7. The learned Counsel for the appellant has strenuously urged that the learned trial Judge, after discarding the entire prosecution case and after categorically holding that no part of the case was dependable, nor could the same form the basis of conviction, yet he chose to convict the appellant after formulating a new case neither set up by the prosecution, nor taken tip by the defence. According to the learned Counsel, that course was not permissible and the conviction could not be sustained. The learned Counsel further argued that the exculpatory statement of the accused under Section 342 of the (old) Code of Criminal Procedure was not separable from the inculpatory part of his statement. Ac-cording to the learned Counsel, the inculpatory part is to be read out in its true context. It could not be said that the exculpatory portion of this statement was in any manner inherently improbable or was contradicted by any evidence on the record. The argument then proceeded, that if one takes the entire statement of the appellant into consideration, he gets the right of private defence of person and has got to be exonerated from committing any offence and he could even cause the death, of the assailant of his wife, in the circumstances. According to the statement of Jagjit Singh, when he entered his house, he found that his wife had fallen down and that the assailant had untied the string of her salwar and that her clothes were also torn. The appellant naturally attempted to save his wife, but when he became helpless he had to attack the assailant with the knife which he found lying on the kitchen table. It is obviously correct that the assailant was none else than Harpal Singh deceased, because his dead body was subsequently discovered lying there. Since the entire prosecution case was held to be unreliable and there was no positive proof on behalf of the prosecution to support any part of that story, in our opinion, the statement of the accused under Section 342 of the (old) Code of Criminal Procedure could only be availed of in its entirety. It is not a case of that category where some part of the prosecution case is supported by positive evidence and strength is solicited from a portion of the statement under Section 342, so that the said positive part of the prosecution case is believed. Rather, it is a case where the entire prosecution case was positively held to be untrue and in such a situation there was hardly any occasion to consider the piecemeal statement of the accused. under Section 342. That apart, it is abundantly clear that the assault followed the attempted rape and the appellant very much stated about the rape and thereafter about the assault made by him. There is nothing contradictory or inherently improbable in that statement made by the appellant. If the entire statement is read in its true context, it is difficult to consider the assault portion of the statement separate from the other portion of the said statement dealing with the attempted rape upon Smt. Amarjit Kaur.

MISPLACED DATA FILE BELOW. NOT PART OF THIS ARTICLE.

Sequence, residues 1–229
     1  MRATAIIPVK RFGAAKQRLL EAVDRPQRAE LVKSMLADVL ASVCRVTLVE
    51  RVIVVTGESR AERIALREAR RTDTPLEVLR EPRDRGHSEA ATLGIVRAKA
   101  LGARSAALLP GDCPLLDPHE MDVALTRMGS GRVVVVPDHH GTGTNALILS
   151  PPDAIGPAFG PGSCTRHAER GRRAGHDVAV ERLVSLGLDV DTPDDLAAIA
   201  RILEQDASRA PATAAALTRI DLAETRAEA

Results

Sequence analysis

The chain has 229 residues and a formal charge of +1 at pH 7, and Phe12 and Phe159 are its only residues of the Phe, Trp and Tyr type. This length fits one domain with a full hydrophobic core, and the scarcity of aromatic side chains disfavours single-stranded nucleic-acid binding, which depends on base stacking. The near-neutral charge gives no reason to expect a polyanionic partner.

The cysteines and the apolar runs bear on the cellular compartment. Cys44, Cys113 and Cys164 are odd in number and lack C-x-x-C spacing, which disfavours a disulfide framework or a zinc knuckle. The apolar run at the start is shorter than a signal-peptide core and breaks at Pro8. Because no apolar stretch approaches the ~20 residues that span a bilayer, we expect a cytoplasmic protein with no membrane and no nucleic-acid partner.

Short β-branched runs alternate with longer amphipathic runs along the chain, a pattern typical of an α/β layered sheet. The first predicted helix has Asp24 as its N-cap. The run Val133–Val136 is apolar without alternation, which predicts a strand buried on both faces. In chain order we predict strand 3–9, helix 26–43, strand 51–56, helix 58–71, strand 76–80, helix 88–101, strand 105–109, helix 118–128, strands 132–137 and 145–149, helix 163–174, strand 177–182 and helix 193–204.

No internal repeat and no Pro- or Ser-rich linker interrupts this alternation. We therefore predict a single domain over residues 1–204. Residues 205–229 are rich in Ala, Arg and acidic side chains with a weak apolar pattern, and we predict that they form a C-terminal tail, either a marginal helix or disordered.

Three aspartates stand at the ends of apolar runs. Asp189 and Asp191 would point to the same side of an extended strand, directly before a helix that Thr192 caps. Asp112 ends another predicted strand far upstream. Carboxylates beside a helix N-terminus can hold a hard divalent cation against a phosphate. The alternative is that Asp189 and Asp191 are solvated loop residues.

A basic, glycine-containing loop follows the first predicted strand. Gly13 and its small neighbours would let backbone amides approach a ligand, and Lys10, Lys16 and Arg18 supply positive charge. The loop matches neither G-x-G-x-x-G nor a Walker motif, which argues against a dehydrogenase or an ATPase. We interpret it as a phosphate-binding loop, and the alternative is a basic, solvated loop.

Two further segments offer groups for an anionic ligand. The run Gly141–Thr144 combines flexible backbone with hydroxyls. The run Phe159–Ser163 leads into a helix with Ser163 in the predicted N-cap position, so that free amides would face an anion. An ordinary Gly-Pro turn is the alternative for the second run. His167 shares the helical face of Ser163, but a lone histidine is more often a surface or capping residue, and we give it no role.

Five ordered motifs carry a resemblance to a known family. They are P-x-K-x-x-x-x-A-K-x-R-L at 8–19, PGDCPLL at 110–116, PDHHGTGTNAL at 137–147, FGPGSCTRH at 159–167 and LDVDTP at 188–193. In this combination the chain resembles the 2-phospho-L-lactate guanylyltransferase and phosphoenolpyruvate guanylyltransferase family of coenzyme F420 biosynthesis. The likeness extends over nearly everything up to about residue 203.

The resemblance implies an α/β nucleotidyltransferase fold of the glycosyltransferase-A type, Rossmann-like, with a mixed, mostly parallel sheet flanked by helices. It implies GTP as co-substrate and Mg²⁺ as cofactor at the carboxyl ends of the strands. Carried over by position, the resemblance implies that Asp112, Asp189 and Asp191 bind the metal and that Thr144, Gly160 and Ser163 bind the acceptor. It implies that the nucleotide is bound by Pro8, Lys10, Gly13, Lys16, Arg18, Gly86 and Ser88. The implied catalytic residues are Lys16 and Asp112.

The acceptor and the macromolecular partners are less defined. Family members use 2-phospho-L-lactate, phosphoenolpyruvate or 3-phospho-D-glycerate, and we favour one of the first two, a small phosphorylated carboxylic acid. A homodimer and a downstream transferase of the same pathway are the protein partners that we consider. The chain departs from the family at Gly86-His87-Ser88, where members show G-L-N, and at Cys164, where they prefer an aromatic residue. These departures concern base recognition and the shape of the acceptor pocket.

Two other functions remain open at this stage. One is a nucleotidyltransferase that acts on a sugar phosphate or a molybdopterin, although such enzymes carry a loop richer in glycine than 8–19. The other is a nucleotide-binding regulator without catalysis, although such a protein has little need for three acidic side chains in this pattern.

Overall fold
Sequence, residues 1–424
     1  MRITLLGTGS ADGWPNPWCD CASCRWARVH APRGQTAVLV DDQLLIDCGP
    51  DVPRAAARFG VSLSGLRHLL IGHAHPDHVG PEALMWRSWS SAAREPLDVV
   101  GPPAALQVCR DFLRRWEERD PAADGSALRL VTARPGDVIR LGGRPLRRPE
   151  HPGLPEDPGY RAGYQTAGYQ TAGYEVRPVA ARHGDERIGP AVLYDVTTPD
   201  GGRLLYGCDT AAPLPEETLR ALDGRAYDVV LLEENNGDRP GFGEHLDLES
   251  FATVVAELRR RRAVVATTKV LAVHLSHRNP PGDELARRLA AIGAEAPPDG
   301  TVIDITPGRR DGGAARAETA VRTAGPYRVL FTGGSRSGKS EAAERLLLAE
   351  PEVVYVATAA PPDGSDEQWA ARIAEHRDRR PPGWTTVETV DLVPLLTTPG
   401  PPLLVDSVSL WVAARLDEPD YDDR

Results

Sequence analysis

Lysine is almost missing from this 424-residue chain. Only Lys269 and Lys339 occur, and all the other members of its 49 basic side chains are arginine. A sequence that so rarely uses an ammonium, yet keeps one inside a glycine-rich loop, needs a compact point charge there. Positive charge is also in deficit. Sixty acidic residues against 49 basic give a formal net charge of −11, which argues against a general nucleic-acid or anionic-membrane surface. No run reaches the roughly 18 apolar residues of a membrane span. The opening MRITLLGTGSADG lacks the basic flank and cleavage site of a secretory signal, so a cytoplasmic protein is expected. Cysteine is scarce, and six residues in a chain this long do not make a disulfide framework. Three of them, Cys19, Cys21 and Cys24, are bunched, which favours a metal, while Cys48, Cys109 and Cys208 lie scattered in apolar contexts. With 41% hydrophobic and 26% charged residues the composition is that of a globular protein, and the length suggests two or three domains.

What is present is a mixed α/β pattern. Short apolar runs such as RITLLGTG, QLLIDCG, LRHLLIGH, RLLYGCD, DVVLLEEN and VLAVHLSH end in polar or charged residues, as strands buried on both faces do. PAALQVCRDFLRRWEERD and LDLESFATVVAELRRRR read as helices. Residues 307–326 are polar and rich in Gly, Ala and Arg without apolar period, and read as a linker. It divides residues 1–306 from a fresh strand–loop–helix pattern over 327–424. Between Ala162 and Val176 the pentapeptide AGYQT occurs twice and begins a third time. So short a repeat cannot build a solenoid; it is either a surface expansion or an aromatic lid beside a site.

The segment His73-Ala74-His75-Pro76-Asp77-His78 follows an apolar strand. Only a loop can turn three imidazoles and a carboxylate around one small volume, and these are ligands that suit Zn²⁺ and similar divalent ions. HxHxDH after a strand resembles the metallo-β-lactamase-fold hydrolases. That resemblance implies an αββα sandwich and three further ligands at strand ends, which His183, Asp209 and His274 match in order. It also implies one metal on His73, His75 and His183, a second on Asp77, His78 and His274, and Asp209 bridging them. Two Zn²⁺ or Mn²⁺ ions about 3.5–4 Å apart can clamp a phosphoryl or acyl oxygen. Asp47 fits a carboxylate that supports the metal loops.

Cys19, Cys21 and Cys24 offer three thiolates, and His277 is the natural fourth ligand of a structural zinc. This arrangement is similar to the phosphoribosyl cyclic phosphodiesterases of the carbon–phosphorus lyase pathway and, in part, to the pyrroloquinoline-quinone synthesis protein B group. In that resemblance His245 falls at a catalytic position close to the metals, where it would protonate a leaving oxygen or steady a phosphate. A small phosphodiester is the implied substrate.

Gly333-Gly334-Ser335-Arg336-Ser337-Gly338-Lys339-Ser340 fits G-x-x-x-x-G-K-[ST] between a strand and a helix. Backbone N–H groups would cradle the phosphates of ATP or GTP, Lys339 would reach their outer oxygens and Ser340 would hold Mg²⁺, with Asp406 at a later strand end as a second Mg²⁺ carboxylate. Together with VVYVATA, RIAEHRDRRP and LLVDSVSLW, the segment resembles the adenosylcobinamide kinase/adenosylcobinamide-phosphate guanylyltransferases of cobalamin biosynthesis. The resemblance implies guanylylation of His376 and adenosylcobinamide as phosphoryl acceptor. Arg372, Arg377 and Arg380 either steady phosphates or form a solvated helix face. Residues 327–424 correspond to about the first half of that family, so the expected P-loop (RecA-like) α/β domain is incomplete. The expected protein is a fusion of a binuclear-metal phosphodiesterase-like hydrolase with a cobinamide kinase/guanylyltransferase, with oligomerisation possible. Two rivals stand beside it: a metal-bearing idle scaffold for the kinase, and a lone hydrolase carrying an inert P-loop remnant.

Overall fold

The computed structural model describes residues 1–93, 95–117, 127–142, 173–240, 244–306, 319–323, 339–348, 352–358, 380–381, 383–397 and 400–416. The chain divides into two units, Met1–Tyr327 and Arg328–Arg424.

8. The learned State counsel relied upon Nishikant Jha v. State of Bihar : 1969CriLJ671 . In that case, their Lordships were considering an extra-judicial confession made by the accused and since they found that the exculpatory portion of the extra-judicial confession was inherently improbable and was also contradicted by the statement of the very same accused under Section 342 of the Code of Criminal Procedure, they desisted to utilise the exculpatory portion of the confession and relied upon the inculpatory portion of the confession. At the same time their Lordships held, following the observations made in Taylor's Law of Evidence that the whole statement of the accused containing the admissions must be taken together on the principle that the inculpatory portion is to be read out in its true context. Unless the whole statement is read, the true meaning of the part that is taken as evidence against the accused cannot be ascertained. If that principle is applied to the instant case, in our opinion, the whole of the statement made by the accused will have to be considered and the learned Sessions Judge committed error of separating the inculpatory statement from the exculpatory portion of the same statement. Therefore, Nishikant Jha's case (supra), relied upon by the learned Counsel, having a reference to the facts which arose in that case, will not be of any assistance. In Bhagirath v. State of Madhya Pradesh 1975 SCC (Cri) 742 : 1976 Cri LJ 706 their Lordships were considering a case where the Court reconstructed a story different from the one pounded by the prosecution and convicted the accused on that basis. It was held that the prosecution can succeed by substantially proving the very story it alleges. It must stand on its own legs. It cannot take advantage of the weakness of the defence, nor em the Court of its own make out a new case for the prosecution and convict the accused on that basis. When the stratum of the evidence given by the eye witnesses examined by the prosecution was found to be false, the only prudent course, in the circumstances, left to the Court was to throw out the prosecution case in its entirety against all the accused. Following the ratio of this decision, we consider that the entire prosecution case had to be thrown out. Since Jagjit Singh appellant made an attack to save his own wife on whom Harpal Singh attempted to rape, he could not be held guilty for the offence for causing the death of Harpal Singh. He got a right of private defence to save the person of his wife Smt. Amarjit Kaur and as such, he was completely exonerated. He could not be convicted under Section 302 of the Indian Penal Code. The appeal is allowed and the conviction and sentence are accordingly set aside. The appellant is in custody and he shall be released forthwith unless required in connection with any other offence.
D.S. Tewatia, J.
9. I agree.